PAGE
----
This study provides US laboratory–based incidence rates for norovirus disease determined by using direct outpatient surveillance of routinely collected fecal specimens. Despite examination of only fecal specimens submitted for bacterial culture, our data demonstrate that viruses, and noroviruses specifically, were the leading cause of AGE among persons of all ages seeking medical care. We estimate that 24% of persons seeking medical care for AGE do so because of viral infection, including 12% because of norovirus infection. Overall, viruses accounted for 27% of AGE episodes in the community and noroviruses accounted for 16%.
In contrast to bacterial and parasitic pathogens, viral AGE pathogens were primarily detected during winter and spring months, which is consistent with previous descriptions of norovirus and rotavirus seasonality in temperate climates (16
). Norovirus strains identified in this study were similar to those identified in studies of sporadic AGE (17
) and those implicated in norovirus outbreaks confirmed by CDC during the same period (18
). The predominance of GII.4 strains in epidemic and sporadic norovirus disease demonstrates the need for including this genotype in vaccine development efforts.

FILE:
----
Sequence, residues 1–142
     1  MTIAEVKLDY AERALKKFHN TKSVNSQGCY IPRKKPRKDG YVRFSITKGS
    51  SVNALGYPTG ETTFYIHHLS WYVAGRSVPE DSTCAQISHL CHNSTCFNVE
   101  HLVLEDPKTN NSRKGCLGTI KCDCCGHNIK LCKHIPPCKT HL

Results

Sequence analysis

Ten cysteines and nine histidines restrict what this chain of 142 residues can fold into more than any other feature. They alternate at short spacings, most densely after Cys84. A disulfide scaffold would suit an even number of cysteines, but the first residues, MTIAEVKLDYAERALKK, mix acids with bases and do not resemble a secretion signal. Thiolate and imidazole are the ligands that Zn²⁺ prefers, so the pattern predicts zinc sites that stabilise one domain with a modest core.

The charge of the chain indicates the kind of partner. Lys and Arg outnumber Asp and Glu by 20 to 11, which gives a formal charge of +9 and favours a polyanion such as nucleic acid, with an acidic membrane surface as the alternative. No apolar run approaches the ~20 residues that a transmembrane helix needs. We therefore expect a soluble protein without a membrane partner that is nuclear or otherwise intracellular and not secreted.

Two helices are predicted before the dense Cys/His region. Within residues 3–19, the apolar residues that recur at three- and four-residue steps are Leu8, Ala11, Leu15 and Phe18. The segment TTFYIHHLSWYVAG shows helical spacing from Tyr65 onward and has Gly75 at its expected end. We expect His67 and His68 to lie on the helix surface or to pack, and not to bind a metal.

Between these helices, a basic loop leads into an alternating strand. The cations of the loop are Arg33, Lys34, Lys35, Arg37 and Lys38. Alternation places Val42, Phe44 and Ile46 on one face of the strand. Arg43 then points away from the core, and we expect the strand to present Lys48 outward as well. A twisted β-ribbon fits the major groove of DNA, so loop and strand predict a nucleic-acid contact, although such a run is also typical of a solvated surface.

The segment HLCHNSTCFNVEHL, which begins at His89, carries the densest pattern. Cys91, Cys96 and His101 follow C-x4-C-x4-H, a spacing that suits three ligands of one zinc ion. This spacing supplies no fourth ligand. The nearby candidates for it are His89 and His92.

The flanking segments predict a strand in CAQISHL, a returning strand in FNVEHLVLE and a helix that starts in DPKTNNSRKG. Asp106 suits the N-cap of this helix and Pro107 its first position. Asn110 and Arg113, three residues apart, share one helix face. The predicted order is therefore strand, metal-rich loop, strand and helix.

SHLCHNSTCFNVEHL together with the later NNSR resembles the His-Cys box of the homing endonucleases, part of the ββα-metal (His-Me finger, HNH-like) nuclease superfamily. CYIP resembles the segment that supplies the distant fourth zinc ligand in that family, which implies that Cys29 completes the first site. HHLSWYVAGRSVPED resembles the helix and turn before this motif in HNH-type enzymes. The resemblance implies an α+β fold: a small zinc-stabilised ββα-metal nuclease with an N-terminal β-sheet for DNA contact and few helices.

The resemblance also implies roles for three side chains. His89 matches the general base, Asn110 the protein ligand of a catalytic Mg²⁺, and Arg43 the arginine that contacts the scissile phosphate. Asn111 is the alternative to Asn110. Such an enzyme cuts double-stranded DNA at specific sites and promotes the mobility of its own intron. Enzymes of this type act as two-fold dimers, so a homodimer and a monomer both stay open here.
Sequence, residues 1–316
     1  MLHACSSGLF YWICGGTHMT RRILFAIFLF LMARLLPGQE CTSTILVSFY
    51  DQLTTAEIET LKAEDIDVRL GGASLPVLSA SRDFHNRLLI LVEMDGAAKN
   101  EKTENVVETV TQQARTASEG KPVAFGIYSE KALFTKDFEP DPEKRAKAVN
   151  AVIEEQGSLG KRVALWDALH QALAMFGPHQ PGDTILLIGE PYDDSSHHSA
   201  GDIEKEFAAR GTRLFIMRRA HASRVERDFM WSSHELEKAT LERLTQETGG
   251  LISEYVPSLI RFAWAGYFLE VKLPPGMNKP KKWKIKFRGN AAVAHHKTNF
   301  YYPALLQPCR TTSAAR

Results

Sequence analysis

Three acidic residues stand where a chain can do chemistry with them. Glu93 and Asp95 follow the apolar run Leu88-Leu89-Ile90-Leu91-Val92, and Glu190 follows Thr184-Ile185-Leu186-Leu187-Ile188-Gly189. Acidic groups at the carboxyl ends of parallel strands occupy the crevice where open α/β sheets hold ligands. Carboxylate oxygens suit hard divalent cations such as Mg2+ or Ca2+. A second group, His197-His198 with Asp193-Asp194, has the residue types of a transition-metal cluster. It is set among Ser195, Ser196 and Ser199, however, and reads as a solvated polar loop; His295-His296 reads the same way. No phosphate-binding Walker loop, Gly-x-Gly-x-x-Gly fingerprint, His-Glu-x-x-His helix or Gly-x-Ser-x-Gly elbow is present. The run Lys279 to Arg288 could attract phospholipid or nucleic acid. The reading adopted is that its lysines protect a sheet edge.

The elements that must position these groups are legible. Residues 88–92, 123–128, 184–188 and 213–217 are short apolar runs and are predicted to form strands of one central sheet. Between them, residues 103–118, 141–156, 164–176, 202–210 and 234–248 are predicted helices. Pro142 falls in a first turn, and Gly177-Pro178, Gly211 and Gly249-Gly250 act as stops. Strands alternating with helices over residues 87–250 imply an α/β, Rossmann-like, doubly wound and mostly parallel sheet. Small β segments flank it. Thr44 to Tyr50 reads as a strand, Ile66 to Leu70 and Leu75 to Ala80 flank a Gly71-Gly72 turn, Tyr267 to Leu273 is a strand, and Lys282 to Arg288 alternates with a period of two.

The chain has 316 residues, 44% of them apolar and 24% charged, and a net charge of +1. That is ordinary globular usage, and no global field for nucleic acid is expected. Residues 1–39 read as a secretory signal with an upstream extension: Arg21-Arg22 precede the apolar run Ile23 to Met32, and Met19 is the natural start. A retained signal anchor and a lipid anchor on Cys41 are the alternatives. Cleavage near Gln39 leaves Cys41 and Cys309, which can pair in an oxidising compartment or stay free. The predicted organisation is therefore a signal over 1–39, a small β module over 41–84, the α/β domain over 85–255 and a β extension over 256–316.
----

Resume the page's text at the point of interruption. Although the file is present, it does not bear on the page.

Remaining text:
Our findings are consistent with those of studies conducted in other industrialized countries, which demonstrated the relative role of viral pathogens in causing AGE (19–23
). A recent systematic literature review that included 13 etiologic studies of community and outpatient cases of sporadic diarrhea, most of which focused on children, determined that norovirus was responsible for 12% (range 5%–36%) of AGE cases (17
). In a community-based study in Germany, the incidence of AGE requiring medical consultation attributable to norovirus was 626 cases/100,000 person-years (19
). In England, the incidence of general practice consultations for norovirus-associated infectious intestinal disease was 540 cases/100,000 person-years (24
). The estimated incidence of norovirus among outpatients in our study (640 cases/100,000 person-years) supports the findings of the studies in England and Germany. A similar study in the Netherlands reported a considerably lower incidence of gastroenteritis in general practices (797 cases/100,000 person-years), in which 5% (40 cases/100,000 person-years) were caused by norovirus (20